Property Tax Post: Is the U.S. Property Tax System Exacerbating Income Inequality?


Some argue that using local property taxes as the primary source of education funding  creates a situation in which  poor districts with low property values inevitably create a lower funding base than wealthier districts with high property value.

The Economist recently identified the “unusual” way that the United States funds public education through local property taxes as one of the main contributing factors to the perpetuated success of the most economically advantaged children. Most other industrialized democracies fund education from general state revenues rather than local property taxes.

The cover story from the January 24th issue of The Economist, entitled “America’s New Aristocracy: Education and the Inheritance of Privilege,” discusses the advantages enjoyed by the children of America’s wealthier families that allow them to thrive in a meritocratic society. The authors conclude that “[t]oday’s elite is a long way from the rotten lot of West Egg” (of Great Gatsby fame), arguing that “[m]ore than ever before, America’s elite is producing children who not only get ahead, but deserve to do so: they meet the standards of meritocracy better than their peers, and are thus worthy of the status they inherit.”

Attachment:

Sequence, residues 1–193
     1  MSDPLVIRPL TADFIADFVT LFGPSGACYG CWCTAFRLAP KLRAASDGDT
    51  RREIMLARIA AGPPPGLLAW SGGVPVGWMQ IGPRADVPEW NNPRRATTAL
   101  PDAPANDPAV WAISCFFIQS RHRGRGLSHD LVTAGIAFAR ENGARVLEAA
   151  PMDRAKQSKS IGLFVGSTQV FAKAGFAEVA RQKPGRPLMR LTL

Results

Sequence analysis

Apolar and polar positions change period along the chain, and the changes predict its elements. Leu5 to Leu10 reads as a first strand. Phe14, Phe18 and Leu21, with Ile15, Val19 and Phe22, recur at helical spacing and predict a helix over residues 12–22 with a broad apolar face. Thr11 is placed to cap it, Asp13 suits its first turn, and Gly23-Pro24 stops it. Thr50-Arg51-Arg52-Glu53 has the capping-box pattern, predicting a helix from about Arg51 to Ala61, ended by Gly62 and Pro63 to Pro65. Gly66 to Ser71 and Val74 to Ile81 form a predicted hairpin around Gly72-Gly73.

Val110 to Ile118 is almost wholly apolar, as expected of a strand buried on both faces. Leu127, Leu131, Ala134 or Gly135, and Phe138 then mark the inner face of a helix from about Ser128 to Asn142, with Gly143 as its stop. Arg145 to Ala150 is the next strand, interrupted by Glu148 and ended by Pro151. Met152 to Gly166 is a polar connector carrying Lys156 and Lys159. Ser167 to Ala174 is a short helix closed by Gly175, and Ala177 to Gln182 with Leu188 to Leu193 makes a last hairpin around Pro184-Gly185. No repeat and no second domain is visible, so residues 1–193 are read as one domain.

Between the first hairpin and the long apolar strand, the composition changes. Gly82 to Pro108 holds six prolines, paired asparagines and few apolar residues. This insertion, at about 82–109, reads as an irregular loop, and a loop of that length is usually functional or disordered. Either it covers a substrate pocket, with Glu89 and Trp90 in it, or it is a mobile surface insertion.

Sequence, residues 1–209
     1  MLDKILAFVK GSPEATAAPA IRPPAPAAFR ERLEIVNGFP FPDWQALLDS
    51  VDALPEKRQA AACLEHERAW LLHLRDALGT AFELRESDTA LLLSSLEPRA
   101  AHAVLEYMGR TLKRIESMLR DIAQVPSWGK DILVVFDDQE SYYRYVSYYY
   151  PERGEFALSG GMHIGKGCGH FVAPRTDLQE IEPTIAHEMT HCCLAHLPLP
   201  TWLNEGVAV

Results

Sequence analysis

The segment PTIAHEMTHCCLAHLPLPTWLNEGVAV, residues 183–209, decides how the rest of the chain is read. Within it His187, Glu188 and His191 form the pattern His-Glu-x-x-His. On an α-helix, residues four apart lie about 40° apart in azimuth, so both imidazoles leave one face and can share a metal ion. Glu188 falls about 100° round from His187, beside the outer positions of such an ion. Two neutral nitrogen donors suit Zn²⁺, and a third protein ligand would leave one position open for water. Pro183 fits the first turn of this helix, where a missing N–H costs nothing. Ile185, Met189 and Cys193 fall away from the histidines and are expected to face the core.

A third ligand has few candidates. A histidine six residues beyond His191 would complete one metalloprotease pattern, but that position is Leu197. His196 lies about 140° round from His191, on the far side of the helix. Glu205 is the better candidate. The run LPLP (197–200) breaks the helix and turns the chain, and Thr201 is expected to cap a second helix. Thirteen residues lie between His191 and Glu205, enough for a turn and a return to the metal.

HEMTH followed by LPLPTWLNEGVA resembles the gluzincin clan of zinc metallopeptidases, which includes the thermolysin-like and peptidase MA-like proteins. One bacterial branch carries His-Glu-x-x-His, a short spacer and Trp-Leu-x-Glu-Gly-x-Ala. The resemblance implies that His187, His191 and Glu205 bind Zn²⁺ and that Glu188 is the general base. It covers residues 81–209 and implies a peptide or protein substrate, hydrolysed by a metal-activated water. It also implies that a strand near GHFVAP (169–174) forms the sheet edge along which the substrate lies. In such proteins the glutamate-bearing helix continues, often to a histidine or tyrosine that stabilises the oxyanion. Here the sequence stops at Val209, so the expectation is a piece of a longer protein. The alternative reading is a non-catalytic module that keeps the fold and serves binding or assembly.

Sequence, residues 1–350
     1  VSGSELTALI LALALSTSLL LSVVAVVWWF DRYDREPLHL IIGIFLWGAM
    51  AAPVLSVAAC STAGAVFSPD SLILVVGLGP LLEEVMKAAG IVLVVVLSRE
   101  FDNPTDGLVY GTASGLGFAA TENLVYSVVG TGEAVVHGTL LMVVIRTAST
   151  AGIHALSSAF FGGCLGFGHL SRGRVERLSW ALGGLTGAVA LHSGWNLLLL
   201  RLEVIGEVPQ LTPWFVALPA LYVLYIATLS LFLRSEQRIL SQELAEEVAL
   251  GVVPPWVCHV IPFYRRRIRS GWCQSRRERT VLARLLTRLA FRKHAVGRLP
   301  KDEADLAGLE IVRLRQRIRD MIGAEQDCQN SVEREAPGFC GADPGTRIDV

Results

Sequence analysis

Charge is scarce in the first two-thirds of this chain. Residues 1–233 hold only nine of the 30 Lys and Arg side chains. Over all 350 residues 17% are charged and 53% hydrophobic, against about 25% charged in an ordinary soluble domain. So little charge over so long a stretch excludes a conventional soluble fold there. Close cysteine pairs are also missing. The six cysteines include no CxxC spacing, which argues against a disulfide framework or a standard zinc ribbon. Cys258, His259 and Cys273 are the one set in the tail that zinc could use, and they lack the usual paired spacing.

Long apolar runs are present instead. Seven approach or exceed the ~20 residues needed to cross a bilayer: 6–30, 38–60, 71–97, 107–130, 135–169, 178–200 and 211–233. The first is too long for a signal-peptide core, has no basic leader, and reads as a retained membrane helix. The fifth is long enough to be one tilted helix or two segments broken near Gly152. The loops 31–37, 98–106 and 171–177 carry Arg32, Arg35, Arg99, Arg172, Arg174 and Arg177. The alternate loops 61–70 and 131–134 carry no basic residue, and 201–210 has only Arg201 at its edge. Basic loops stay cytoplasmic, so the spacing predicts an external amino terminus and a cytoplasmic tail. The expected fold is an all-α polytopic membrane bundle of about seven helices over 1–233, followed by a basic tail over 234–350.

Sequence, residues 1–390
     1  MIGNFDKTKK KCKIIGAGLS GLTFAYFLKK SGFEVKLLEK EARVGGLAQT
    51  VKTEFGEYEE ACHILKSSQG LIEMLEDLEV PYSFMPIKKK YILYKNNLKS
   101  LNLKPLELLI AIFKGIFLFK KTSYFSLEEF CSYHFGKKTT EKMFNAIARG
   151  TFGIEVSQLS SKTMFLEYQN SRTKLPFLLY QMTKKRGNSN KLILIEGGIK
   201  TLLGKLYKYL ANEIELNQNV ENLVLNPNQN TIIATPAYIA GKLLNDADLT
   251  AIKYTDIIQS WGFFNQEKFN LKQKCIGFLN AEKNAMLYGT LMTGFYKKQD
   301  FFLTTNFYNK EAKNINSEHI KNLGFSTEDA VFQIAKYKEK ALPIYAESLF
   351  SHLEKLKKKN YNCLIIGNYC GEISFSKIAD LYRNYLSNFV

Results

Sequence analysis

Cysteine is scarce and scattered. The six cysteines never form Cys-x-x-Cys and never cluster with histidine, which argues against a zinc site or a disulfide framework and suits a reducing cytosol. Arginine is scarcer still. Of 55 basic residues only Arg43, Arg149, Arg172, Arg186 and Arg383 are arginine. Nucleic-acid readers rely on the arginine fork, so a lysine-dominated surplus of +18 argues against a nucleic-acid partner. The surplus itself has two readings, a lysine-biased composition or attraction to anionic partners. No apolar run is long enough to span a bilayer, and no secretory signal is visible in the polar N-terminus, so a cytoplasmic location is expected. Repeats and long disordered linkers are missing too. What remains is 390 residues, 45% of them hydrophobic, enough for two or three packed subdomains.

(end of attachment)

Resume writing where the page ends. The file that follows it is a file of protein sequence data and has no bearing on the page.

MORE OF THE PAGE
While state government funding for education is slightly higher than local government funding for education—roughly 46 percent versus 43 percent, respectively—a study released in October 2014, by the Center for Budget and Policy Priorities (CBPP), found that state-level funding for the 2014-15 year has increased over last year, it continues to lag behind pre-recession per student funding. Twenty-seven states are funding education at higher levels in the current fiscal year than last year, but 60 percent of the states analyzed by CBPP are still funding below pre-recession levels.

State-level education funding is often targeted to districts with greater student need—such as low-income students, non-native English speakers and children with disabilities—but as The Economist and CBPP both point out, the state money is rarely enough to equalize spending between rich and poor districts. Until education funding becomes less reliant on local property taxes and the wealth of students’ families, America’s elite will continue to be “an hereditary aristocracy.”

Continue the conversation on Bloomberg BNA’s State Tax Group’s LinkedIn page: Should the United States continue to rely on local property taxes to fund public education? If not, what is the best alternative?

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